September 12, 2011

There is controversy over how gender is defined and in the distinction between the terms gender and sex. The Merriam-Webster Dictionary defines gender as “the behavioral, cultural, and psychological traits typically associated with one’s sex.” Interestingly, the definition of sex encompasses “the sum of the structural, functional, and behavioral characteristics of living things that are involved in reproduction by two interacting parents that distinguish males and females.” The definition of gender emphasizes psychological and cultural traits, whereas the definition of sex emphasizes structural and functional traits. Both definitions, however, include behavioral aspects.

The use of the term gender as something separate from one’s sex is a fairly recent conceptual development. In American society, resistance to traditional gender role norms can be traced back to the suffrage movement of the 1920s and 1930s, although most chroniclers suggest that it was not until the midto late 1960s that gender took on a separate definition from sex. The rise of the feminist movement produced concerns about the traditional perspective on gender due to its unidimensionality and rigidness. At one extreme is the perspective that gender is solely made up of, and influenced by, one’s biology. At the other extreme is the perspective that gender is unrelated to one’s biology and completely determined by how individuals experience themselves. In between are researchers who argue that gender comprises varying degrees of biology, psychology, and culture. The traditional perspective on gender is that it involves two mutually exclusive categories, so that individuals who are high on masculine traits must be low on feminine traits. Many researchers now conceive of gender as involving multiple continuums, allowing for the possibility that one can be high or low on both masculine and feminine traits. Others take this a step further and emphasize that expression of masculine and feminine traits is dependent upon situational context. Still others argue that the entire conceptualization of sex-based traits is erroneous, calling attention to how these so-called traits are used to classify women as the lesser sex relative to men.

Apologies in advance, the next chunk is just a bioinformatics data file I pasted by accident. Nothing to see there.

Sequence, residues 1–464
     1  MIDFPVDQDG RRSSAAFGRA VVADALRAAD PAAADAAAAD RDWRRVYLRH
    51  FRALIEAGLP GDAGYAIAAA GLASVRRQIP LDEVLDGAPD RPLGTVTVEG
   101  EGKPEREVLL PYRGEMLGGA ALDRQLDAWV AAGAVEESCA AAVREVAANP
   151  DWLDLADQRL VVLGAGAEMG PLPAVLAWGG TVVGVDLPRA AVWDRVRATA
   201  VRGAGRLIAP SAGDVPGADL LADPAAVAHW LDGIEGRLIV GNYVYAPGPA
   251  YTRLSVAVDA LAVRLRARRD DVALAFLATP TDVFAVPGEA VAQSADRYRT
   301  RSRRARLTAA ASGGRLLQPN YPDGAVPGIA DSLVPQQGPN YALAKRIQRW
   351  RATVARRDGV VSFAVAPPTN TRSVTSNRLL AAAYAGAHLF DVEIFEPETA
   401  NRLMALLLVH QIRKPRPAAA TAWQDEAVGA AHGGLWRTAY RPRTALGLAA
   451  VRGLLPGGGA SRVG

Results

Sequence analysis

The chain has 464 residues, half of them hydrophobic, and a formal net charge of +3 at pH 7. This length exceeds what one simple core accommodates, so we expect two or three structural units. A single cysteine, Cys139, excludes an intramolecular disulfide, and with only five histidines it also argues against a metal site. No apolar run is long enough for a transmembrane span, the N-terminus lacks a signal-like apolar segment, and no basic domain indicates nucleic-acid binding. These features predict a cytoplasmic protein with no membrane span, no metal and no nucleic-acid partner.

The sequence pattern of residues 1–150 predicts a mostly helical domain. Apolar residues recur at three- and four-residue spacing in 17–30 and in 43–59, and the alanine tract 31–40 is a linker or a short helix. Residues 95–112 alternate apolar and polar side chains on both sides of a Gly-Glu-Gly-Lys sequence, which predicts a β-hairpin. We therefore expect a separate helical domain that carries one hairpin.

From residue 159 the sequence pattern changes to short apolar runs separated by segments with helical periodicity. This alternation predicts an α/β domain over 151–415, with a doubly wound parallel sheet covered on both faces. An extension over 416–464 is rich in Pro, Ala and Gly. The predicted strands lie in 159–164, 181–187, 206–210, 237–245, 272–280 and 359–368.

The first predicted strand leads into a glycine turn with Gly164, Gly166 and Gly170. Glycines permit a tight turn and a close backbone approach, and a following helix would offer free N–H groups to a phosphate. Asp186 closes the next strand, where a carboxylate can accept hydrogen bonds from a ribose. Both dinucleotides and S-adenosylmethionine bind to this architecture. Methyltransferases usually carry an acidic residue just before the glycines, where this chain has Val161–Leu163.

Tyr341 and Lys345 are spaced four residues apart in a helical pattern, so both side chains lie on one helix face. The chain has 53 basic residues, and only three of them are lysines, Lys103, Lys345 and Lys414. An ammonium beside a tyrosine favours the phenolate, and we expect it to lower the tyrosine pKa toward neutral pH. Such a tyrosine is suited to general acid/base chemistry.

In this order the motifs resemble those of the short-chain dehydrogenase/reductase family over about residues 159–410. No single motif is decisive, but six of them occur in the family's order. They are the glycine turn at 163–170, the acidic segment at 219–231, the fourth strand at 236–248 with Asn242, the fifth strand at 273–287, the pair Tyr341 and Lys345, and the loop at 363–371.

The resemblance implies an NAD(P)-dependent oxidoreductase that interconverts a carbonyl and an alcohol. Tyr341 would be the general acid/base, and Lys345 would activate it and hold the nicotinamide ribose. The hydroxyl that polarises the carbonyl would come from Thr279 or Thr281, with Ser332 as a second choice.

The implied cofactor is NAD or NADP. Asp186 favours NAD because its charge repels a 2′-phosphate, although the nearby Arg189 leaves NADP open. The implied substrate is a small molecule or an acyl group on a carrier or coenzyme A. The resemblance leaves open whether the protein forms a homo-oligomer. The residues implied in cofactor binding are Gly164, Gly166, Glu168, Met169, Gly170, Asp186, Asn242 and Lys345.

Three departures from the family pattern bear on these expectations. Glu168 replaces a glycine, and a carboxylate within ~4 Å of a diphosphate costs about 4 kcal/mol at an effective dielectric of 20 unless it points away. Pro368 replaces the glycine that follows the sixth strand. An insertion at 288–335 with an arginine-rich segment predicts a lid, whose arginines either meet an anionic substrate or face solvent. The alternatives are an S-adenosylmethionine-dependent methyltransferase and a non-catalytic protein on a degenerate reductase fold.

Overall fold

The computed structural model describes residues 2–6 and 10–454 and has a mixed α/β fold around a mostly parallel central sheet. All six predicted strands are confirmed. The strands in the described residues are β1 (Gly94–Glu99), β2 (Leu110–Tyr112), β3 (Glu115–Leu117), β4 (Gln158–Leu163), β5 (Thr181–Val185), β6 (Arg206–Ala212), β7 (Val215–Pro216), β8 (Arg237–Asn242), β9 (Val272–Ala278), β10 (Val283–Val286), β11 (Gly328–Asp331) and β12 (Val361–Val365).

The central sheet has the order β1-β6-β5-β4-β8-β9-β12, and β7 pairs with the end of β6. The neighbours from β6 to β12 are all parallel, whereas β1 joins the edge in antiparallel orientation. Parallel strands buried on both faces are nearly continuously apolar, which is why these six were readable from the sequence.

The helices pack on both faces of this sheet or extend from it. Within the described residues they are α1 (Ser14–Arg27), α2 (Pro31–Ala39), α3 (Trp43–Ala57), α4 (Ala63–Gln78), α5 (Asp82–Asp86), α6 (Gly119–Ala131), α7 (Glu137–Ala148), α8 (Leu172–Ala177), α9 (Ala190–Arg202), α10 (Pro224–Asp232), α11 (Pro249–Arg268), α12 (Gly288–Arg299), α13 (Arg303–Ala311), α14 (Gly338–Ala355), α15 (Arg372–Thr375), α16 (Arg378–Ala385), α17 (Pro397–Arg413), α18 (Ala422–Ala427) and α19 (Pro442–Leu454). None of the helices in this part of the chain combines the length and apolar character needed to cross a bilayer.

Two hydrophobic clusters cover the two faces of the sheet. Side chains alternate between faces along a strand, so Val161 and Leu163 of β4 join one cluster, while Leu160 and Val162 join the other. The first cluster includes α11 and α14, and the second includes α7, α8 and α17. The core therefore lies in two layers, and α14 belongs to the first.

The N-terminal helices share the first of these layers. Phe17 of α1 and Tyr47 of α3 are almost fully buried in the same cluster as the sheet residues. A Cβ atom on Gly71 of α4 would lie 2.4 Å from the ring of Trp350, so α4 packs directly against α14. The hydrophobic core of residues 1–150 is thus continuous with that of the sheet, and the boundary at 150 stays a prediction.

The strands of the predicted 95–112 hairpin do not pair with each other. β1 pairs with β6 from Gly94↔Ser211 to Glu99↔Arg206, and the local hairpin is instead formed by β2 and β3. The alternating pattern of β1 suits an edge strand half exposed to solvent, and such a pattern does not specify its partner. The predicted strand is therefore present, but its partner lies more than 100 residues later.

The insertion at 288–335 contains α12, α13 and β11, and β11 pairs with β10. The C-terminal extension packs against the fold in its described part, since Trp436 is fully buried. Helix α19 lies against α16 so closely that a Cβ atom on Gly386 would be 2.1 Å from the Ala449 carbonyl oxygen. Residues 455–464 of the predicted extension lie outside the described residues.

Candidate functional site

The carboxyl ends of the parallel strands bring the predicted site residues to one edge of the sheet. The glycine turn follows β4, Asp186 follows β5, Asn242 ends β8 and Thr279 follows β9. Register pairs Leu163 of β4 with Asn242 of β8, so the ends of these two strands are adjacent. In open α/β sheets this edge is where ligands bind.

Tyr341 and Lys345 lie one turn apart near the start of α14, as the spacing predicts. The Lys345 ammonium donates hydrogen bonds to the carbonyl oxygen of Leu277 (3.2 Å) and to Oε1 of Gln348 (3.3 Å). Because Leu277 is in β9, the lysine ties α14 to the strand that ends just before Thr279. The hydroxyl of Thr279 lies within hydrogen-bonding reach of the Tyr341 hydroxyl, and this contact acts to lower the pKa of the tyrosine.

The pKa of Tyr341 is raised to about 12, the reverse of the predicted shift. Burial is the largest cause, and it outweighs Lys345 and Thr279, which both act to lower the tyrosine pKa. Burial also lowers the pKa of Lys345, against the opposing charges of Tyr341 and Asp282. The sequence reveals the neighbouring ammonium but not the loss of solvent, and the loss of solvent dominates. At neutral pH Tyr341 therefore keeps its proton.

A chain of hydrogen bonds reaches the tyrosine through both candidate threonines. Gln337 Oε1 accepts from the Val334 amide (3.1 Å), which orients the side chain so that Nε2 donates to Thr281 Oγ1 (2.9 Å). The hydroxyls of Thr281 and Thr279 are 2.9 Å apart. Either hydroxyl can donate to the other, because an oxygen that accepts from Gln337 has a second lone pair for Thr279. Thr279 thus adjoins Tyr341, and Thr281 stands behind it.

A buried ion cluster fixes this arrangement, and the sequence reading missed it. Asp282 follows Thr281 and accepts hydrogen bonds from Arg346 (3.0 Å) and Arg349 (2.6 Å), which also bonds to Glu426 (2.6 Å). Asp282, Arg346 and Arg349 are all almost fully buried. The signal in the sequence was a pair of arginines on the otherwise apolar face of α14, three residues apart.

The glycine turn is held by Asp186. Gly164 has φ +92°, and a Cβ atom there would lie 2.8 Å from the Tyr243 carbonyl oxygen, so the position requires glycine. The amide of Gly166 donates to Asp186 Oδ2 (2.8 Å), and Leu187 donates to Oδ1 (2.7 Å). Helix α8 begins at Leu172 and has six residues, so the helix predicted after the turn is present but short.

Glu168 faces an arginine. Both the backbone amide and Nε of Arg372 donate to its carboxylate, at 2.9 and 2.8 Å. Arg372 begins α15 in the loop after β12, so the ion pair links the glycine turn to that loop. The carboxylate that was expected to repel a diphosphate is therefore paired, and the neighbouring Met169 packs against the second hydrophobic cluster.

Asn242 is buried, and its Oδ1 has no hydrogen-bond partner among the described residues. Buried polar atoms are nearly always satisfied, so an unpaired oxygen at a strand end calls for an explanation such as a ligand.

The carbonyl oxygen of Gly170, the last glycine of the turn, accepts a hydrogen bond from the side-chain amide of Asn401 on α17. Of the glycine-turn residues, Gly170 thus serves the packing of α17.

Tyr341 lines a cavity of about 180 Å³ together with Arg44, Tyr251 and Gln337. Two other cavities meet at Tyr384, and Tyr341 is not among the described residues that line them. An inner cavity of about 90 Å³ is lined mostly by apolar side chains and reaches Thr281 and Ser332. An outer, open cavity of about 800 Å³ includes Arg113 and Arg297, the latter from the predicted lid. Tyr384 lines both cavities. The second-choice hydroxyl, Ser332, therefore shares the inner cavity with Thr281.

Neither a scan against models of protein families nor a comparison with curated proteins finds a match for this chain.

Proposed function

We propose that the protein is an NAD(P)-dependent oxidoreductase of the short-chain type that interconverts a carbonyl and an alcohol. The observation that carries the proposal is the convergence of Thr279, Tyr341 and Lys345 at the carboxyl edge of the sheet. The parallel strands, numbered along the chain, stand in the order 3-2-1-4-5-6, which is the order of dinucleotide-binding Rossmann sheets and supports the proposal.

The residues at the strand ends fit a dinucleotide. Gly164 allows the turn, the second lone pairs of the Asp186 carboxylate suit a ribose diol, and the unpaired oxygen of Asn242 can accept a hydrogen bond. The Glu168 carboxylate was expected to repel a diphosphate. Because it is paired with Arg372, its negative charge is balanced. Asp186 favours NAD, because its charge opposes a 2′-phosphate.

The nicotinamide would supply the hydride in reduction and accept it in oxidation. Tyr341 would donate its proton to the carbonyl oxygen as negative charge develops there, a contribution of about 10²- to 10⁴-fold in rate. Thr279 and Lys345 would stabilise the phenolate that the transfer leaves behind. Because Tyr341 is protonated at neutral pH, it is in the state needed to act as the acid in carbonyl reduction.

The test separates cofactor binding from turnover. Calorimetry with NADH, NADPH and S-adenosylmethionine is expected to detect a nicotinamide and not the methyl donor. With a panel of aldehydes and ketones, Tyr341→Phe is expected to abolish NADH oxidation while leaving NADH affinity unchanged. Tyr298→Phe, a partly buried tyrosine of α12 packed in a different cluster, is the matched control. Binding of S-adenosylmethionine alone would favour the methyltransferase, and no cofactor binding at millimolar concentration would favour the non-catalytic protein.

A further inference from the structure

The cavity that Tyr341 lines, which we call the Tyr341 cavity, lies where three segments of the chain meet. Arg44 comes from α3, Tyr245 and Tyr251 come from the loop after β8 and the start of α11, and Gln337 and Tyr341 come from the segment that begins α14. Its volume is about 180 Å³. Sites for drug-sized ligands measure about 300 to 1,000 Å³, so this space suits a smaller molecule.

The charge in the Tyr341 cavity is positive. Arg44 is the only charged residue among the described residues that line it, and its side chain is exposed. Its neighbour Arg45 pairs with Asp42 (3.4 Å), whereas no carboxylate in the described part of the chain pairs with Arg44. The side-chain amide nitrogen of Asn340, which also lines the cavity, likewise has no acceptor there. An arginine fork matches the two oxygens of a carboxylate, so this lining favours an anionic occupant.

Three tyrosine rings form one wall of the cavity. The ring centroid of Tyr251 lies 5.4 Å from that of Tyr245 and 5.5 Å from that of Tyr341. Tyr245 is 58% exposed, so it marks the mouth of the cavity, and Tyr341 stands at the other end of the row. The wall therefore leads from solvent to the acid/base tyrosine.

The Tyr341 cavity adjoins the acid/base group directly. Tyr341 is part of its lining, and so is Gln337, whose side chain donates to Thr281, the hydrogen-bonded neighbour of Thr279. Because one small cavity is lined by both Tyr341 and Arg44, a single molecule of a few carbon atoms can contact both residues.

It would be erroneous to suggest that all biologists or all psychologists agree on how to define gender; however, there are some commonalities based on scientific discipline. Many biologists assert that gender is no different than sex, and is simply determined by the 23rd pair of human chromosomes. In this pair, females are designated AX and males are designated XY. Those who promote an essentialist perspective in psychology also endorse this definition, arguing that gender is nothing more than sex, decided at birth, and is unchanging. Evolutionary theorists also adhere to the essentialist perspective that gender is biologically based. These theorists focus on reproduction as the essential motive driving the behavior of all organisms. Evolutionary theories focus on women’s and men’s unequal investments in the care provided for their offspring and because of this, the differential adaptiveness of specific behaviors that help aid in the survival of these offspring. From this perspective, biological sex differences have produced environmental pressures that have led women and men to develop different gender roles. Because these gender differences are viewed as being evolutionarily adaptive, they are viewed as fixed, although presumably new environmental pressures could alter what types of gender displays are most adaptive.

There are other psychological theorists who adhere to the opposite view, suggesting that gender has nothing to do with one’s sex, but rather involves the beliefs and feelings of one’s experiences in a social and public environment. Psychologists who have adopted this view frequently describe the experiences of people who feel they are trapped in the body of the opposite sex (see Transsexualism) or people who have equal proportions of masculine and feminine attributes (androgyny). Although essentialists would focus their explanation of these individuals’ experiences on their chromosomes and reproductive organs, social constructionists would focus their explanations on how masculine or how feminine these individuals feel throughout their daily lives and would use those guidelines rather than sex to describe their gender. Psychologists typically define gender identity as an individual’s own sense of how male or female they feel, regardless of biological sex. It is in this identification that gender is realized.